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- Alzheimer disease (AD) is the most common cause of dementia in the elderly.
- Degenerative neurologic disease with progressive impairment in ≥2 years:
- Memory, executive function, attention, language, or visuospatial skills
- With significant interference in ability to function in work, home, or social interactions
- New diagnostic criteria released in 2011 emphasize full spectrum of disease (1)[A]:
- Preclinical AD (research purposes only: biomarkers present; subtle decline evident to patient but cognitive tests in “normal” range)
- Mild cognitive impairment (MCI): Social, occupational, and functional skills are preserved despite significant decline in cognition.
- Alzheimer dementia
- System(s) affected: nervous
- Synonym(s): presenile dementia; senile dementia of the Alzheimer type
Asymptomatic screening is not recommended.
- Predominant age: >65 years
- 2/3 females, 1/3 males in United States
1 in 8 Americans age >65 years (13%); ~50% at >85 years
>5.2 million in United States; >36 million worldwide
- 200,000 younger onset (<65 years)
Etiology and Pathophysiology
- Unknown but involves amyloid beta accumulation initially, then synaptic dysfunction, neurodegeneration, and eventual neuronal loss
- Age, genetics, systemic disease, behaviors (smoking), and other host factors may influence the response to amyloid beta and/or the pace of progression toward the clinical manifestations of AD.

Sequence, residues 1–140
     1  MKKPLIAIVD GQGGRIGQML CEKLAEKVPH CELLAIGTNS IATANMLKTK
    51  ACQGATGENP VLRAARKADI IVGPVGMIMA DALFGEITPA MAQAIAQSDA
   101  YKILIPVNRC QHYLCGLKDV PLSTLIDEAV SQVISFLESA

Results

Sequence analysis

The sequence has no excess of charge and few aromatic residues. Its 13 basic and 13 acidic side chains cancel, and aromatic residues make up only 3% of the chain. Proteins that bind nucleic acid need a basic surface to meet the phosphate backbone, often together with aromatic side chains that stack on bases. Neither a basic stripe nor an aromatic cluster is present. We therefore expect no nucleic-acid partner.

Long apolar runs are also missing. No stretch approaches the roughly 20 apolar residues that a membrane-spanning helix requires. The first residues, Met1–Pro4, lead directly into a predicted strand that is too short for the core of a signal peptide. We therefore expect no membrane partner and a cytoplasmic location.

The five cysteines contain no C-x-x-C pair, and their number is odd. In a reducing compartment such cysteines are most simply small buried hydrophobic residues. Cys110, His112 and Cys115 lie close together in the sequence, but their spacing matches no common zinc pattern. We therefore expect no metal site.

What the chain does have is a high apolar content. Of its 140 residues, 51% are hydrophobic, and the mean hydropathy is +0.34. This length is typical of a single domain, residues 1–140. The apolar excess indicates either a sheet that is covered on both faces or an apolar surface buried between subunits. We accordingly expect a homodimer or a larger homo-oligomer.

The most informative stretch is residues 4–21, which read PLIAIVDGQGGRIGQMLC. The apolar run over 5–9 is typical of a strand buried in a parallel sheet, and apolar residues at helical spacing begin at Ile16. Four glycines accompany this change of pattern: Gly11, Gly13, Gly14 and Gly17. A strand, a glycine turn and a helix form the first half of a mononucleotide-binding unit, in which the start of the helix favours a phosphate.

- Positive family history in 50%, but 90% of AD is sporadic:
- APOE4 increases risk but full unclear
- Familial/autosomal dominant AD accounts for <5% AD:
- Amyloid precursor protein (APP), presenilin-1 (PS-1), and presenilin-2 (PS-2)
- Aging, family history, APOE4, Down syndrome
- HTN, cardiovascular, and carotid artery disease
- Smoking (2- to 4-fold increase)
- Head trauma
- NSAIDs, estrogen, and vitamin E do NOT delay AD; insufficient evidence for statins (2)[A]
- Intellectual challenge (puzzles) and regular physical exercise may offer preventive benefit.
- Control vascular risk factors (e.g., hypertension); lowering cholesterol may retard pathogenesis of AD.
- Ginkgo biloba may be beneficial for cognition but not activities of daily living.
- Physical activities and omega-3 fatty acids may help to prevent or delay cognitive decline.
- Ultrasound (US) may help to identify asymptomatic patients at increased risk with chronic brain hypoperfusion secondary to cardiovascular or carotid artery pathology.
Commonly Associated Conditions
- Down syndrome